Boulevard Chocolate Ale Announcement

Boulevard announced today that after running some quality checks, they’re offering refunds on a few batches of Chocolate Ale for not meeting standards. Here’s the link to their website with the full (written) explanation of how to check to see if you’ve got an affected bottle and, if so, how to go about getting a refund.

Gotta say, I love Boulevard for paying attention and making sure that the beer they’re selling is exactly the beer they want to be selling.

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A Chocolate Ale Heads Up

Dear everyone in the Kansas City/Lawrence area,

Boulevard’s Chocolate Ale should be hitting store shelves along about January 31st. If things proceed as they did last year, expect every liquor store in town to be sold out by roughly noon that same day.

What I’m saying is that you may want to plan on an early lunch, a long lunch, a random doctor’s appointment that morning, etc., if you want to be certain to get your hands on some. I’ll tweet if I see/hear of any on any shelves earlier than January 31st.

That said, drink it when you get it. This stuff doesn’t cellar.

Happy hunting!
-Moi

PS – Here’s my review of last year’s batch.
And here is my explanation of what happened last year.

New Belgium Snow Day

The impression I get is that this is the 2 Below replacement, and that 2 Below is now a thing of the past (or possibly also the future, but at least not of the moment). What I’m saying is that I’ll be curious to know what 2 Below fans think of this beer.

Basic Info:
Name:
Snow Day Winter Ale
Origin: New Belgium Brewing Co., Fort Collins, CO
Style: Winter Ale/American Black Ale
ABV: 6.2%
IBU: 55
I drank this: poured from bottle into glass while glaring at the television because I was stupid enough to have turned on the news. (Newsflash: the US Congress is kinda stupid.)

The first impression I had of this beer was a combination of “oooh, dark!” followed by “oooh, hops!” followed by “that combination can go dreadfully wrong.” That said, this isn’t my favorite hoppy dark ale – that honor typically belongs to whatever iteration of Stone’s Sublimely Self-Righteous Ale I’m able to get my grubby mitts on at the time –  but it isn’t an off-balance mess, either.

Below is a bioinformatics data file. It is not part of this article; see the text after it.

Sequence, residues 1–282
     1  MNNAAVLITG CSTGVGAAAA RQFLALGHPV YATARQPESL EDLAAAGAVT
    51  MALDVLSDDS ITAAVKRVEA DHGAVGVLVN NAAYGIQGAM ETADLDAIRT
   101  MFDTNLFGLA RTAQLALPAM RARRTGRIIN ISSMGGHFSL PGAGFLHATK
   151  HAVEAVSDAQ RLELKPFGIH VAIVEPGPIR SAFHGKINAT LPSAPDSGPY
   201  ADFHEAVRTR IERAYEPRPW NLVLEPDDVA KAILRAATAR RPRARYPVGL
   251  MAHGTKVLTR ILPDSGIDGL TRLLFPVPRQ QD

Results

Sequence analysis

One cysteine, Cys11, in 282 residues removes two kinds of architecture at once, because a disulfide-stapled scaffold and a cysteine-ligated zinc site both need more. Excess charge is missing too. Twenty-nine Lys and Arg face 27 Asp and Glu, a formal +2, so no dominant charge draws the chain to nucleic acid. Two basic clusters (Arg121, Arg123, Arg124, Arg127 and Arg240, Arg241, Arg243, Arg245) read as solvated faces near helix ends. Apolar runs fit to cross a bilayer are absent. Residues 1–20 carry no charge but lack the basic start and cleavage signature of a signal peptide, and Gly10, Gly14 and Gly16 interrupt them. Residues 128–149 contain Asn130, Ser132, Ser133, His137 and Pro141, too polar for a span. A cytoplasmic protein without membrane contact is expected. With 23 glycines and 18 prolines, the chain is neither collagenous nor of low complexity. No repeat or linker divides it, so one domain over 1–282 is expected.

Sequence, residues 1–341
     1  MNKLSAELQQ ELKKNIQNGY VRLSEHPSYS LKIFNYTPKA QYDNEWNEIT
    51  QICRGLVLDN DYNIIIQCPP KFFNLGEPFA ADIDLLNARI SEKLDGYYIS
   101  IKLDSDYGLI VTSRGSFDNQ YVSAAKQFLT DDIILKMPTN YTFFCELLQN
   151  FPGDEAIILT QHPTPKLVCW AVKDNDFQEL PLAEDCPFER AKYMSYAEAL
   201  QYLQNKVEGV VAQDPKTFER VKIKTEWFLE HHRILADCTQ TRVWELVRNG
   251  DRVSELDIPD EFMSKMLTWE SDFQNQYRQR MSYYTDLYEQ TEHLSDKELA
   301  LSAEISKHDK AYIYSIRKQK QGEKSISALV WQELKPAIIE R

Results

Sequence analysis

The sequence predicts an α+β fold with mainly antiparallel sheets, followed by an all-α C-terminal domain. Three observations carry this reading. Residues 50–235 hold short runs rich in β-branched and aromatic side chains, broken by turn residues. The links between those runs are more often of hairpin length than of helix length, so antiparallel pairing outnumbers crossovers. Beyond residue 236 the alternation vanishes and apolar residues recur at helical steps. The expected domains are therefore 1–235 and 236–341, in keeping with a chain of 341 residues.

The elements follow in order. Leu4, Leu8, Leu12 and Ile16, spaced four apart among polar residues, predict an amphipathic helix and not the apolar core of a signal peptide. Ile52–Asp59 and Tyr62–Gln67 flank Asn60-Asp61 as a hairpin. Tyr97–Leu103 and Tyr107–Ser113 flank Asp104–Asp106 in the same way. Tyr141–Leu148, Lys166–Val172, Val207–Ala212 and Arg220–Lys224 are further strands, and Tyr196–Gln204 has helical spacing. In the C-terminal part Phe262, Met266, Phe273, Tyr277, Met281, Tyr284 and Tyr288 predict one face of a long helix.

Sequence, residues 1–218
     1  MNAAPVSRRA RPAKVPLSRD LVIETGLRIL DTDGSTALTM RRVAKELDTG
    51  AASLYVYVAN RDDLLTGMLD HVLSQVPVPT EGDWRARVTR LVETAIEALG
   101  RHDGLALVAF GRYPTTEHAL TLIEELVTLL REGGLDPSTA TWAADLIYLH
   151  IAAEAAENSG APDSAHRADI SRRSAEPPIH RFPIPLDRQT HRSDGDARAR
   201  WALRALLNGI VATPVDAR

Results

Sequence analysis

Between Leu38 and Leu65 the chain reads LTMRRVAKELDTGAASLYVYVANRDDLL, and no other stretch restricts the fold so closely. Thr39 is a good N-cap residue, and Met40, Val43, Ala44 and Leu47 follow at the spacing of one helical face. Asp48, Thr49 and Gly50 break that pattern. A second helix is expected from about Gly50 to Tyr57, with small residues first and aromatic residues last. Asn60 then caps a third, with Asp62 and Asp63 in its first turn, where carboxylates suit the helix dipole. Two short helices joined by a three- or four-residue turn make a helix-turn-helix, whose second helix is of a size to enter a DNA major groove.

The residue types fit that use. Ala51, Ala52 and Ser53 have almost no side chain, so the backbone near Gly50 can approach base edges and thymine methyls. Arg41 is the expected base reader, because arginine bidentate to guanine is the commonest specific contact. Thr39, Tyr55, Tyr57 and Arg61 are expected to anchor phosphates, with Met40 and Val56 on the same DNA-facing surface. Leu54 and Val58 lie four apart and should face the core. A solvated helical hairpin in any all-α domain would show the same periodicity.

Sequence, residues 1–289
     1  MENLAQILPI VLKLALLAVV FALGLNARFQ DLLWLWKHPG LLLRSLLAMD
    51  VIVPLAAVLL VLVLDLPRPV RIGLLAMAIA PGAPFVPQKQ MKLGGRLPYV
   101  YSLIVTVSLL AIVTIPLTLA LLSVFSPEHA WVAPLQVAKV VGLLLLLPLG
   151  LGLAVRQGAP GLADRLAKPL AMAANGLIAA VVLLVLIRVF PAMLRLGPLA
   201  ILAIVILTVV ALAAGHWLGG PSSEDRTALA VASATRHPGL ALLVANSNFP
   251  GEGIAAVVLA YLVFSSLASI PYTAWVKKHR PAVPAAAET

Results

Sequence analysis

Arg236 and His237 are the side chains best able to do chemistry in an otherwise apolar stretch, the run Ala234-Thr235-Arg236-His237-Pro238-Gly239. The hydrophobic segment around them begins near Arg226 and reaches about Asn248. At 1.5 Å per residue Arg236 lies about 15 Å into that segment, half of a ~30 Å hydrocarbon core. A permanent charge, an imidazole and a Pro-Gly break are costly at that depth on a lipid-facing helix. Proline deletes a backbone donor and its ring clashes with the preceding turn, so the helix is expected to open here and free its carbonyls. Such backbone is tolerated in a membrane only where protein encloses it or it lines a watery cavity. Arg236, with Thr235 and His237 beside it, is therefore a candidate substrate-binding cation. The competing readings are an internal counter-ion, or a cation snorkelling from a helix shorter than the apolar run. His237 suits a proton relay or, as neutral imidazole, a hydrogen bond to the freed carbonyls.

Smell-wise, there’s a bitter hop top note – like a really yellow grapefruit rind that’s been mushed together with some grass (really pungent, but nicer than I’m probably making it sound) – floating over a mix of caramel, chocolate, toasted malt, and something slightly nutty. It reminds me slightly of a citrusy, salty caramel.

This beer is medium-bodied, fairly low in carbonation and an odd-but-nice combination of soft and sharp in mouthfeel. The hoppiness partially comes across as really biting, hence the sharp; there’s also an almost blanket-like feeling to the malt backbone of the beer, hence the soft. The flavors fall into the same sort of pattern. The hops are exactly what I was expecting based on the smell, all sharp and brightly, pungently grassy, whereas the malts are softer, all nutty caramel, bitter chocolate and toffee notes. The hops dominate the malts for the most part, and linger on for a few moments in the aftertaste.

Overall, this is a totally drinkable, probably sessionable beer (pending you’re watching the alcohol content – this is admittedly a bit high for most session beers). Compared to something like the Stone Sublimely Self-Righteous, this is a fairly quiet beer – it’s not going to overwhelm you with anything, but it’s balanced and tasty.

As a replacement for 2 Below, I’ve mixed feelings. 2 Below was one of my holiday favorites for years, but I wasn’t as into it last year. I don’t know if it was the batch I had being a bit off, the draft lines being in need of a good cleaning (which was kind of what I was guessing), or if my palate had changed enough that I just flat wasn’t as into it. I have enough fond memories, however, to be sad to see it gone.

I can’t say I’m overwhelmed, but I’m not underwhelmed, either. Meaning, I suppose, that I’m whelmed. I have high expectations when it comes to New Belgium. They’ve met expectations. We’re good here. I’d love to know what you think if you’ve had one.

Founders Dirty Bastard